Our goal is to have our community of 15,000 enjoy the outdoors of their choosing (urban, park, rural). It’s a unique and wonderful project and we look forward to its completion.

Rebecca Williams is the Information Specialist for the Southeast ADA Center, a project of the Burton Blatt Institute of Syracuse University. She has been employed there since 2011. She provides technical assistance and resources/referrals to callers from eight southeastern states on the Americans with Disabilities Act (ADA), the Fair Housing Act, Air Carrier Access Act, Individuals with Disabilities Education Act and other disability related inquiries.

Rebecca has over 30 years of experience working with children and adults with disabilities. Previous employment includes working as: a therapeutic recreation coordinator with adults with severe/profound intellectual disabilities; a supported employment job coach coordinator; an independent living counselor and vocational rehabilitation counselor; the ADA and Community Education Coordinator at a Center for Independent Living (CIL); and as a Living Well Specialist with another CIL. During employment, Rebecca has received extensive training on the ADA.

Rebecca has developed and presented numerous workshops and trainings on the ADA and other disability rights issues to a wide variety of audiences both locally and nationally. She continues to expand her knowledge by participating in webinars addressing disability issues and attending several disability focused national conferences every year. Rebecca completed the ADA Coordinator Certification Program offered through the University of Missouri – College of Human and Environmental Sciences, School of Architectural Studies and the Great Plains ADA Center in April 2012.

Rebecca is a member of the National Council for Independent Living (NCIL) and of the Association of Programs for Rural Independent Living (APRIL). She is also a board member of the Lancaster Lions International and is a member of the Millersville University (PA) Disability Arts Advisory Council. Rebecca provides audio description services for live theater for patrons with visual impairments for Millersville University.

REGISTER HERE

Webinar Title: Opportunities for Walkability in Rural Communities and Small Towns

Webinar Date/Time: July 11, 2018 at 2pm Eastern, 11am Pacific

REGISTER HERE

About the Webinar

At America Walks, we believe that all communities of all shapes and sizes have the potential to be walkable communities. We have seen inspiring work being done across the US to promote physical activity and improve walkability in small towns and rural communities. This webinar will explore some of that work and the trends of walkability in rural communities.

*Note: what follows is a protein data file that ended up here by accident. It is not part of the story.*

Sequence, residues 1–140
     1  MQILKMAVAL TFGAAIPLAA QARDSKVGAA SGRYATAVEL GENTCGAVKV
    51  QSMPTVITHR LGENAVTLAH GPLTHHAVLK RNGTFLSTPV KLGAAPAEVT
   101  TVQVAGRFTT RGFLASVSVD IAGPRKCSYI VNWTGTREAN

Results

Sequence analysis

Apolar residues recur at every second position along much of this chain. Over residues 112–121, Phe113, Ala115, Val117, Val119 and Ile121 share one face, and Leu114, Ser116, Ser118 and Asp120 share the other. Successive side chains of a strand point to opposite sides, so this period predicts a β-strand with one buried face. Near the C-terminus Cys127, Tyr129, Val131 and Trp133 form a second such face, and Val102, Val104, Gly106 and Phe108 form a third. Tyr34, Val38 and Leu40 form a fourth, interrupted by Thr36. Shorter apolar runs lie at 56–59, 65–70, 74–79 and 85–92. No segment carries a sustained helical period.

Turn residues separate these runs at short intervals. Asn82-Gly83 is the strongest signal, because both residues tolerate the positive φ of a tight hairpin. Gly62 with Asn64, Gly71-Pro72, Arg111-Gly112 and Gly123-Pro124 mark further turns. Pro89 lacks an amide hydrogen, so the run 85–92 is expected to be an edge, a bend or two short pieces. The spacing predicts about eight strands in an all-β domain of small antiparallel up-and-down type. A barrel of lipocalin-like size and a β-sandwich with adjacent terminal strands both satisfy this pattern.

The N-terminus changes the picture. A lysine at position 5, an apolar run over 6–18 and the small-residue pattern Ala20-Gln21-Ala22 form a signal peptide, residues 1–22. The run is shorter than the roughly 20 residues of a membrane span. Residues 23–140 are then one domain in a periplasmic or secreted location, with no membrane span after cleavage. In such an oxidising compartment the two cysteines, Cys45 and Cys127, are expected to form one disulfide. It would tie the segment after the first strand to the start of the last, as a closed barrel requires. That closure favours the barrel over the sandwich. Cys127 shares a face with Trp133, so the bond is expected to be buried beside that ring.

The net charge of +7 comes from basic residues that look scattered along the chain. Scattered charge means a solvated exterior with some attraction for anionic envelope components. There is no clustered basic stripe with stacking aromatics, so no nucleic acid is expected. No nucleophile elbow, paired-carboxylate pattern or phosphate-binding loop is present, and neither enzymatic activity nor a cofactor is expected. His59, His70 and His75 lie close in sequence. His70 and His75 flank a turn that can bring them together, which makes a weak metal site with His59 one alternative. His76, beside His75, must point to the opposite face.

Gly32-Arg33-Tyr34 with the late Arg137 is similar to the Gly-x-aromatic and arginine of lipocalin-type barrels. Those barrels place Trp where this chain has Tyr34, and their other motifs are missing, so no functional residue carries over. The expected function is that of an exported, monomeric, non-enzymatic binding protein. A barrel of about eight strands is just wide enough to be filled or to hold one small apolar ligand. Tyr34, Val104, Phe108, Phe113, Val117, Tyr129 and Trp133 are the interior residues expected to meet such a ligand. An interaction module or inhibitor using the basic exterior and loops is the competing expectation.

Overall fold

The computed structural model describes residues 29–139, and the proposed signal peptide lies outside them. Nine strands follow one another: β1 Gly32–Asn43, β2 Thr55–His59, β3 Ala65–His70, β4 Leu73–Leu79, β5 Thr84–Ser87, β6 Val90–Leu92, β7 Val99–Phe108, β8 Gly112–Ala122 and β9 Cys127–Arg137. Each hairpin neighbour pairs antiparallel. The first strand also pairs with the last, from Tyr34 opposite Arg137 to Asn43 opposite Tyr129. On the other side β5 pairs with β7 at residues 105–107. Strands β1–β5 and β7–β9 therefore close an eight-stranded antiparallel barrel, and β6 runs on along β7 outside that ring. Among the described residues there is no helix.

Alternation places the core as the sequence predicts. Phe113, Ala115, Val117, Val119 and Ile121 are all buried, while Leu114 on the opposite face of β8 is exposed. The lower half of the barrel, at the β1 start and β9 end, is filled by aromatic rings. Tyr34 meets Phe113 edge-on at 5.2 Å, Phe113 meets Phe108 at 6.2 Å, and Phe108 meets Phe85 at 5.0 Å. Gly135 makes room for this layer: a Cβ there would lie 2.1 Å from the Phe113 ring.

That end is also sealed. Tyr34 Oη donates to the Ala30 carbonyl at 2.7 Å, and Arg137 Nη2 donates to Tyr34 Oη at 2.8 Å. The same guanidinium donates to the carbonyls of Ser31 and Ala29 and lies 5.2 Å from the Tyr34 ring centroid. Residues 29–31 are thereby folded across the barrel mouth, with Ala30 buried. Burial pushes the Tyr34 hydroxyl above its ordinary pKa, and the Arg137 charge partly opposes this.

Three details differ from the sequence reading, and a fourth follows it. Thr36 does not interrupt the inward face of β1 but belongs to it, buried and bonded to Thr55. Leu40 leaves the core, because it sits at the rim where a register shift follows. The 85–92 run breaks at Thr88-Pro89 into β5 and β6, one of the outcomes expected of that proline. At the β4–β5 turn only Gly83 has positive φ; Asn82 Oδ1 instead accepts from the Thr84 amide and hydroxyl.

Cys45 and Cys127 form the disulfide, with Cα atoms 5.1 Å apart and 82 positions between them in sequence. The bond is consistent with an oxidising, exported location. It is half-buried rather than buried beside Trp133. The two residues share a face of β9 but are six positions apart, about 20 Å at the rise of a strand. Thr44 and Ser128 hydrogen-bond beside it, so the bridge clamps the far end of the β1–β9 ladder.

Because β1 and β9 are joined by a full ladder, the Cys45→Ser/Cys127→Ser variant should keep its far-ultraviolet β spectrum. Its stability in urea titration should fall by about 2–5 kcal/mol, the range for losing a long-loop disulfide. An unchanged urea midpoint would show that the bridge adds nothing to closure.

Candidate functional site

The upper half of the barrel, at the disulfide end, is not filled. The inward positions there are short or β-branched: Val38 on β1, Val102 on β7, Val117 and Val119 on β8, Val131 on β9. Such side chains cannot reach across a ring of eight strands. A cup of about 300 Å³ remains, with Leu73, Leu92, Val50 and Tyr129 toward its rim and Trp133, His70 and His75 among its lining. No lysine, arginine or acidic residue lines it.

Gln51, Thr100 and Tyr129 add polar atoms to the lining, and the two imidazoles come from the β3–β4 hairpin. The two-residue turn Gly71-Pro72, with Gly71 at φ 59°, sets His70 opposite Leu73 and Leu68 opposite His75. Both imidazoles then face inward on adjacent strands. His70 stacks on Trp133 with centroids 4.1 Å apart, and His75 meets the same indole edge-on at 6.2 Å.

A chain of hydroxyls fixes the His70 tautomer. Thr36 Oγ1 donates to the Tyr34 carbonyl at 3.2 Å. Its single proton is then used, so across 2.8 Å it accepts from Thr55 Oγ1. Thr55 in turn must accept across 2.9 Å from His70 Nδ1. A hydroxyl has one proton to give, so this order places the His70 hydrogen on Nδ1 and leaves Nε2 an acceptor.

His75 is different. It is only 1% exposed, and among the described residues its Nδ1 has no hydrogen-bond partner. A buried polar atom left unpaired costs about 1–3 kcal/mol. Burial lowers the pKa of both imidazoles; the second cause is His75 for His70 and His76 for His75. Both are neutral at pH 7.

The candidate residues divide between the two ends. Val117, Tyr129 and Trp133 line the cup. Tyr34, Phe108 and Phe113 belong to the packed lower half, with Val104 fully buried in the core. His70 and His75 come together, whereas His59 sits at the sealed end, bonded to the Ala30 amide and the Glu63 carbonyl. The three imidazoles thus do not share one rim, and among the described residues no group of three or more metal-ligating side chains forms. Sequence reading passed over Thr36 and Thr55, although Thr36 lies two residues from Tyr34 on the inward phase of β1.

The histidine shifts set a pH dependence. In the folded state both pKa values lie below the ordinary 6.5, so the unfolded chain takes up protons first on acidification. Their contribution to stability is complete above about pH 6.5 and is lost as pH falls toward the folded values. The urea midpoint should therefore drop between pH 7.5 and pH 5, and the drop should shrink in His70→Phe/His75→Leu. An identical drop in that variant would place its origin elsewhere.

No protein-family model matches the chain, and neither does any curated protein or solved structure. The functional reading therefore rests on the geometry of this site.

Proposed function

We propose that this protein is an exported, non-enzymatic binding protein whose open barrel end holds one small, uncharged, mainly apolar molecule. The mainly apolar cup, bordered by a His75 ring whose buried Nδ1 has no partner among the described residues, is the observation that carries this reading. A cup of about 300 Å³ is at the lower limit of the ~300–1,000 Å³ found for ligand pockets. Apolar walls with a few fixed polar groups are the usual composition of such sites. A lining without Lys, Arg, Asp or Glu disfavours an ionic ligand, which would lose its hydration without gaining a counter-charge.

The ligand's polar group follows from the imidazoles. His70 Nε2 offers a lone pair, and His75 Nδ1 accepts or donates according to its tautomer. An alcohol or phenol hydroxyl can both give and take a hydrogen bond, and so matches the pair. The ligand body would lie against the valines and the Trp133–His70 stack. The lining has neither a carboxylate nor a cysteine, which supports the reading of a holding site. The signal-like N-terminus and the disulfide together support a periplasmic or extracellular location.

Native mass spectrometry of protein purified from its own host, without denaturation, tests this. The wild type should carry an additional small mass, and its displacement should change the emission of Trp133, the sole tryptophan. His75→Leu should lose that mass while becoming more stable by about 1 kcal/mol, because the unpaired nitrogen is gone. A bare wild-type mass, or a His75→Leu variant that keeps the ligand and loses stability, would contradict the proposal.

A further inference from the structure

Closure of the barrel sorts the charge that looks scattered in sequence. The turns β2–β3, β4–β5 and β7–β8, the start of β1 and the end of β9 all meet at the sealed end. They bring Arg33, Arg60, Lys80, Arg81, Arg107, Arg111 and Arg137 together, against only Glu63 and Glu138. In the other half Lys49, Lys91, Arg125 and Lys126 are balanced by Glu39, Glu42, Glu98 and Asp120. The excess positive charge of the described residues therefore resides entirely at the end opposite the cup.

Attendees of this webinar will:

  • Learn about programs, policies, and projects that support walkability in rural communities and small towns 
  • Hear inspiring stories of communities on the walking path 
  • Explore resources that can help you in your work to create walkable communities
About the Panel

Dr. Renée Umstattd Meyer is an Associate Professor in the Department of Public Health at Baylor University in Waco, TX, where she also serves as the Graduate Program Director.  She is recognized nationally and internationally for her work with diverse underserved and rural communities.  The aim of her research is to better understand and promote physical activity for all people across the lifespan, specifically acknowledging the importance of and interrelationships among behavioral, environmental, cultural, and policy factors.  Dr. Umstattd Meyer often uses mixed method approaches in her research, has published over 55 refereed scientific journal articles, and has secured over $500,000 externally as PI or co-PI and over $5 million externally as a co-investigator.  Her work has been supported through funding from the Robert Wood Johnson Foundation through Active Living Research and the Physical Activity Research Center (PARC), the Physical Activity Policy and Research Network+ (PAPRN+) through the Centers for Disease Control and Prevention, the U.S. Department of Agriculture, and the U.S. Department of Education.  She is the immediate past-President of the American Academy of Health Behavior, a multidisciplinary society of health behavior scholars and researchers; the co-chair of the PAPRN+ rural workgroup; the co-chair for the 2019 Active Living Research annual meeting; and has served as an advisor regarding active living in rural areas in multiple capacities, including the diversity committee for the 2016 National Physical Activity Plan.